Prototyping Drawing Interfaces

Multi-Input Software Prototype





Skills:
Processing
Android 
This working-prototype explores a gestural radial menu that is accessed by a users non-dominant hand within the context of a drawing application. It was inspried (partially) by the irritation of constantly tool-switching in Paper by 53 and Procreate.


Currently Implemented Gestures: 
Change Tools (Marker, Pen, Eraser)
Change Brush Color 
  • 3 Finger Rotate 
  • 3 Finger Drag

Tangible multi input devices are becoming more and more commonplace. Microsoft and Apple are pushing sophisticated new products based around multi input, the Apple Pencil and the Surface Pen + Dial. However, many of the applications that are actually used by creatives don’t take full advantage of the capabilities of the hardware, especially on the iPad.

Having a stylus affords many new (and I would argue better)  interaction paradigms for drawing applications. In the two most popular drawing apps on the app store, we see the same ‘hunt and peck’ style interfaces that have been much the same since the applications launch. These moments of switching tools or chaning colors interrupt the creative process and overlay the screen with cumbersome app chrome.

     
Procreate (left) and Paper by 53 (right)

I knew that one area that was going almost completley underutilized in drawing apps was the users non-dominant hand. I had seen a lot of rich interaction design in VR that emphasized the use of both hands for really interesting creative applications. For example this fantastick work in gravity sketch by nickpbaker. 

There were some interfaces that attempted to take advantage of it such as Procreate’s small bar on the left, but nothing that allowed you to use the regular interface less. 

This is a little confusing when you consider the fact that when people naturally draw they use their left hand for various activies like holding the page or keeping their place. This begins even at a young age, as shown below. 


Building the Interface
These images are from Bill Buxton’s recent work at Microsoft Research, and seeing his paper draw similar conclusions to my own observations of people using iPad’s with the Apple pencil was really exciting.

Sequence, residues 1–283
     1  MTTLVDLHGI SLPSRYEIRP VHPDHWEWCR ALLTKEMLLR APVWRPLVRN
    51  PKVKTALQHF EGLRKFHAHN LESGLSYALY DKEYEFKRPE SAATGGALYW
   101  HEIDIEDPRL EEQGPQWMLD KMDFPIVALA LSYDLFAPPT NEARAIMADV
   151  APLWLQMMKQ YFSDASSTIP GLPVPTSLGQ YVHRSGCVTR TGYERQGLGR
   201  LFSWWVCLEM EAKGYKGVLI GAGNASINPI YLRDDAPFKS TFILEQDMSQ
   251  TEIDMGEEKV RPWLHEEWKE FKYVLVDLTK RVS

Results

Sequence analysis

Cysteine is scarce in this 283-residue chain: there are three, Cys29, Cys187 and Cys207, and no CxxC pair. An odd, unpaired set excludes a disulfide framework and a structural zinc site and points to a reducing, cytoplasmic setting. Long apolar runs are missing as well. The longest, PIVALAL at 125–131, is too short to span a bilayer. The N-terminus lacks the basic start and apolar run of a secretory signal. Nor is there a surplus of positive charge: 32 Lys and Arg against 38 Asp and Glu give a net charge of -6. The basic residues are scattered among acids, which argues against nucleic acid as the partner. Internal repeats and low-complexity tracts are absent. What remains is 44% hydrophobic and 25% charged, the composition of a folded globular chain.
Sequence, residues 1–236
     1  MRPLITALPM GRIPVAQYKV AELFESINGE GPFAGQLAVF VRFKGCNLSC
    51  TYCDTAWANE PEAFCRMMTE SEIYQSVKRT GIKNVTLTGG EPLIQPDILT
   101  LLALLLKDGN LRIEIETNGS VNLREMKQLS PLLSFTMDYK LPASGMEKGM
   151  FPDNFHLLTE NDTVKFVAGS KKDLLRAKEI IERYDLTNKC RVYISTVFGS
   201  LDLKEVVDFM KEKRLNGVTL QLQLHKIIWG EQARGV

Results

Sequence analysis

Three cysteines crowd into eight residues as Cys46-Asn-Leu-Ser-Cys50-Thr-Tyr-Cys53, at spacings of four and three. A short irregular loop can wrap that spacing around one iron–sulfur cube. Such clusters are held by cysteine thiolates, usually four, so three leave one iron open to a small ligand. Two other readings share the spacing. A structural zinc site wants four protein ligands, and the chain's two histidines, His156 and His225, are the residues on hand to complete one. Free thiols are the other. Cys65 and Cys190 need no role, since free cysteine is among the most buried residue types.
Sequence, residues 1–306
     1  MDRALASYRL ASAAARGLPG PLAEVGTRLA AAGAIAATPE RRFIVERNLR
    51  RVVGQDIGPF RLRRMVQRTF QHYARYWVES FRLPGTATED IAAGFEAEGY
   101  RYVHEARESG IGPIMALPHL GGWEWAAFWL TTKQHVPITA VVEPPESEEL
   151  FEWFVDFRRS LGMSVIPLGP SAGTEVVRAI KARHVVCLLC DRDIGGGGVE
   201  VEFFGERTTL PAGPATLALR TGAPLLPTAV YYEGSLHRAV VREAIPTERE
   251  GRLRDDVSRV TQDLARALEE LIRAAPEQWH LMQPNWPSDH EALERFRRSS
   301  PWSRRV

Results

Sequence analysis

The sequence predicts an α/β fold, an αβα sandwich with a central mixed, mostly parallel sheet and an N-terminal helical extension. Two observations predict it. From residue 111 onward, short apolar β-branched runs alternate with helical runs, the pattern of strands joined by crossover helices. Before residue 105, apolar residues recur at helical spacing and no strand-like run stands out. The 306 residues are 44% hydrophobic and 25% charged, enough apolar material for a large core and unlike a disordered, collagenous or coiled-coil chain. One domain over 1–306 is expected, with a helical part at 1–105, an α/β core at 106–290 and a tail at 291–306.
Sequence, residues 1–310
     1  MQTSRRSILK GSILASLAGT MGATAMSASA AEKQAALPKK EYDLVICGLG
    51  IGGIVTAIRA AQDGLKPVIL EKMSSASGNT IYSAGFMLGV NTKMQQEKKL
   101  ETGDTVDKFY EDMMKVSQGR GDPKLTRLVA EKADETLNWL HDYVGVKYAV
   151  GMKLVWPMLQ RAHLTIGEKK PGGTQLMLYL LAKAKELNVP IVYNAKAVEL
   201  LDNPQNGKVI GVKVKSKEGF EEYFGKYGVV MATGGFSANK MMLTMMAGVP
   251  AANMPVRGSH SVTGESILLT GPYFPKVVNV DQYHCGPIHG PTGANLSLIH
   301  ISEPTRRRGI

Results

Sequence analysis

From here I began some initial explorations based on these intuitive gestures that people already made on physical paper. These consisted of sketched mockups as well as sketching through programming in Processing. 



Once I had decided on 2 interactions that I could focus on in a prototype as a proof of concept, I began to try to put them into a more finished prototype that would help communicate the idea to others. 

Because I wanted to build such a non-standard interface, I had to basically draw all the graphics using Processing’s simple built in elements. This required some interesting geometric gymnastics in order to get the whole thing working smoothly.

By using Processing to actually draw the interface, I could have a lot more final control over the output. Below outlines my process for implementing the final tool that is manipulated by the non-dominant hand. 

The first stage was to build a ‘tool’ class that could render and contains all dependent elements. Let’s take a closer look. 

Drawing a circle from the finger points! 
Detecting when the tool is active



Building the Drawing Application

While the purpose of this project was to demonstrate through a proof of concept interface that drawing applications could be enhanced through the use of non-dominant hand control, I also wanted to play with the inner workings of drawing apps like Paper.

A fundamental limitation in these devices is noise coming from the touch digitizer. This means that we can’t simply draw user strokes exactly as they are input, or the result might look distorted or jaggd.

With apps like Paper, there was so much time and attention put into how brush strokes were drawn onscreen, and I wanted to see how this kind of granular level of control could be achieved. I researched heavily what techniques were used to create these apps, and implemented my own version in Processing to be used in conjunction with my new interface.

One thing that is key to understanding how these strokes are rendered is the actual geometry underlying them. You can see here that each stroke is actually rendered as a series of triangles.

Here you can see how I construct these triangles. The tip of your pencil moves along the path indicated by the arrows. From there, we construct these additionl points, A,B,C,D based on the perpendicular vectors.
Because we have built in this flexability of rendering our stroke with these geometric triangles, we can now easily scale the magnitude of these vectors A, B, C, D to vary based on the speed of our pen. 

Finally, by applying a quadratic bezier curve to the points before we construct these triangles, we can create an even silkier, smoother experience.
A Final Note on Performance
How can we get this app to work at 60FPS, consistently and smoothly? This really matters for latency sensitive applications like accessing the touch data for drawing. First, we have to use the P3D renderer for improved performance. There is some sacrifice in quality for anti-aliasing, but on high resolution devices it matters little. 

Even though we only drawing 2D elements, the Processing P2D renderer has an issue tesselating strokes on Android that makes it massivley slower. 

Additionally, we draw all graphics to an offscreen graphics buffer, so that no geometry is rastered twice. 


Mark